Catherine Riedstra: Least surprising, historically, is the continued appearance of ‘IT Funding Models.’ I’ve been working with technology in education since 1998 and funding has always been a challenge. I’ve heard IT compared to electricity. Electricity used to be the height of luxury, but now it’s ubiquitous and predictable. No one questions the electricity bill. IT is still seen as a bit of a luxury, but faculty, staff, and students see IT as a necessity, a given. For them, having basic IT infrastructure, hardware, and software should be like flipping a light switch and having electricity. They want to go to class, sit down, flip a switch and have technology available to them. It’s a constant conversation for schools: how do we fund the ongoing costs to maintain IT at a basic and current (within five years) level? It’s a relentless battle to match faculty, staff, and student expectations within funding realities.
It’s a little surprising that the funding issue dropped from number one to number seven in 2011. But then, this was when the effects of the recession hit us. Budgets were slashed. How to fund tech became almost a non-issue; we were trying to limit layoffs and keep classes. My hope is that the dip in 2011 is due to many schools institutionalizing the funding of IT in their budgets… because it would be great to not have to revisit this over and over again.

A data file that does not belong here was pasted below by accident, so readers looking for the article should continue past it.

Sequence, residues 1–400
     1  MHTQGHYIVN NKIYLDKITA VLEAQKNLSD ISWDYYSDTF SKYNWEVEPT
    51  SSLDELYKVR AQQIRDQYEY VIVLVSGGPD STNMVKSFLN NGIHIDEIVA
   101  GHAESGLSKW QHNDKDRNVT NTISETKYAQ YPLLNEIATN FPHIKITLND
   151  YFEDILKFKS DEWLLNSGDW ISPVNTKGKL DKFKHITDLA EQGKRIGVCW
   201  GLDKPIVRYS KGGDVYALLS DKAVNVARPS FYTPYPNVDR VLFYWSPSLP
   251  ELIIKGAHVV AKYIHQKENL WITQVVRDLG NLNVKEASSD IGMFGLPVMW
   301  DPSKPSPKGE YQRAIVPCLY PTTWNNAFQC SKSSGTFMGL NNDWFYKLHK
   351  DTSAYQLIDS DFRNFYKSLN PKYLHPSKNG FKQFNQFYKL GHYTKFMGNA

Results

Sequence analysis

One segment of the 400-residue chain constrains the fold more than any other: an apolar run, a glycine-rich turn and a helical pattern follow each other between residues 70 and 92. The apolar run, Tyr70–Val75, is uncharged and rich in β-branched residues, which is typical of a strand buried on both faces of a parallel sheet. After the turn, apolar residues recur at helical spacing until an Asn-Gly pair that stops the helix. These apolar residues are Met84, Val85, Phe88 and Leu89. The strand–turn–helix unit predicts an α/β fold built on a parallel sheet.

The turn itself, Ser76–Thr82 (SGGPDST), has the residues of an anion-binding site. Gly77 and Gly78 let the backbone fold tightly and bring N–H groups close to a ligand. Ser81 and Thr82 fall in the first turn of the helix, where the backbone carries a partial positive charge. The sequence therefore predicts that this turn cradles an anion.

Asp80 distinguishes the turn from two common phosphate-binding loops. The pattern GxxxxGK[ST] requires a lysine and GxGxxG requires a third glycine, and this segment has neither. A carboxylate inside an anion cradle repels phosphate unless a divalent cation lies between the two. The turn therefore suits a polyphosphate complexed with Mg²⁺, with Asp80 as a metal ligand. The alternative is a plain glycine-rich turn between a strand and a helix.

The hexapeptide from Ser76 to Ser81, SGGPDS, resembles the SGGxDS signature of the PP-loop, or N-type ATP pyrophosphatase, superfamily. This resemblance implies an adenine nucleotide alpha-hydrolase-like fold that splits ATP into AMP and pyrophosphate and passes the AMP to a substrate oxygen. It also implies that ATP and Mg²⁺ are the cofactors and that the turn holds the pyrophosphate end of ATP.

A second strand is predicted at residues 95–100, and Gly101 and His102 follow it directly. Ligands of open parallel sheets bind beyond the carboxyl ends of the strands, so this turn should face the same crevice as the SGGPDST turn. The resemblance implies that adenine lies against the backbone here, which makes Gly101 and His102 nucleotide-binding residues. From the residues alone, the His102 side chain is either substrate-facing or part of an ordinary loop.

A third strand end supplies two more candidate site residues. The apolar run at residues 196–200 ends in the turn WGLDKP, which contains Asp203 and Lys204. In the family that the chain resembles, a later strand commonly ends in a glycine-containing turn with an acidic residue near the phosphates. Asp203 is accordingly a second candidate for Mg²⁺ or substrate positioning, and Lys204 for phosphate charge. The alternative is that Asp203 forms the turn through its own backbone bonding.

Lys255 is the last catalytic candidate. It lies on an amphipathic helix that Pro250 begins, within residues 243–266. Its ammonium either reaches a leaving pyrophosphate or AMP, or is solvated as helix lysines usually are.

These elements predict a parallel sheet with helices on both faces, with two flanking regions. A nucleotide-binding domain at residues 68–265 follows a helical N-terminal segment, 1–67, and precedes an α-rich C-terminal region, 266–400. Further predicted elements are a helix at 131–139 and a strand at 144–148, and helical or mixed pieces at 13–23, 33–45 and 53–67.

Chris Chumley: I’m not surprised that in 2016 the top issue is ‘Information Security.’ The breach with the IRS, the numerous school breaches, it’s having an effect on higher education across the board. Recent policy/legislation out of Washington around usage of student data has likely driven this trend to the top as well.
Data is a thread through all of the top 10 issues in 2016—again, not surprising. I’m biased, I think schools spend too much for in-house software because they’re still trying to manage their own infrastructure. Why spend millions upon millions to try to be a technology company when that’s not a school’s core competency? Since 2010 other industries have been getting rid of infrastructure and downsizing, but not the education space. People are starting to question historic IT delivery models in schools—developing custom products, building and staffing data centers. That’s the old school mentality of “if you wanted data you had to build it yourself.” IT has to move to more of a vendor/manager/governance model, and soon.
About the infographic and rankings
EDUCAUSE, a non-profit organization, has been tracking rankings of the Top 10 IT Issues in higher ed since 2000. The interactive graphic highlights yearly trends and also maps those trends across the 16-year timeframe. The issues were selected by EDUCAUSE, “with help from the IT Issues Panel and a representative sample of IT leaders in the community.”
Watch for part three of this series next week, when our experts answer: Does a particular year stand out for you?